That winter quality of light

People who brave winter in the North know what I’m talking about: the strangely bluish quality of cold air and golden flash of low-angled sunlight.  When we say we appreciate the change of seasons, this “quality of light” is almost always cited.

Yesterday we had our first measurable snowfall in Milwaukee.  All the neighbors on our street were out shoveling once the snow tapered off in the late afternoon.  As my family was finishing up, I glanced down the street and noticed how all the tree branches seemed gilded by the last rays of sunlight.

gilded tree branches

I quickly went inside for my phone, and naturally by the time I got back outside, the light had faded quite a bit.  Can you make out the color?  And I did get a few other nice photos.  Below is a picture of our birch, showing a hint of that golden color.


And the clouds in the sky seemed lit from below, which they actually were (sunset).

winter sunset

Today’s temperatures were bitter, about twenty degrees colder than yesterday.  Below is a photo of the same trees, facing west.  Although you can’t quite see the sun itself, which in real life could be seen as a hazy orb, you can still make out its chilly glow at center.  Brrrr!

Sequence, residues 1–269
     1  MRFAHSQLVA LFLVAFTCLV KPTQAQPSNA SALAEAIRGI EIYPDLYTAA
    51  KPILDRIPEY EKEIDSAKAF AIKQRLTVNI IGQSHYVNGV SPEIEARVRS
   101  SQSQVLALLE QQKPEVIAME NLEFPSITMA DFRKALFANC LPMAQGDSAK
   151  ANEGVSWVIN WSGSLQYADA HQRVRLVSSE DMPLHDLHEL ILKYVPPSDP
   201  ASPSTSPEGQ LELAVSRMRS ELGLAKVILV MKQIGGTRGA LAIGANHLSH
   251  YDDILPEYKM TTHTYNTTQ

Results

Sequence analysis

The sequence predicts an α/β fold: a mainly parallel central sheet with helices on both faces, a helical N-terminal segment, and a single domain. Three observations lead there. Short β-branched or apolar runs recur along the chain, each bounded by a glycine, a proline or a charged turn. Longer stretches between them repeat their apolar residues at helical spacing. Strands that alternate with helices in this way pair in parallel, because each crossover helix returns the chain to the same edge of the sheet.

About Katherine Wikoff

I am a college professor at Milwaukee School of Engineering, where I teach literature, film studies, political science, and communication. I also volunteer with a Milwaukee homeless sanctuary, Repairers of the Breach, as chair of the Communications and Fund Development Committee.
This entry was posted in Life, Milwaukee, Nature, Science and tagged , . Bookmark the permalink.

3 Responses to That winter quality of light

  1. Like an Apple says:

    Yes! I know and love that light!


  2. mworfolk says:

    So do I! It’s lovely, and I never tire of it.

    I always feel a certain solidarity with other people who live in cold climates. I’m a transplant from a temperate city, but I have grown to love the north.


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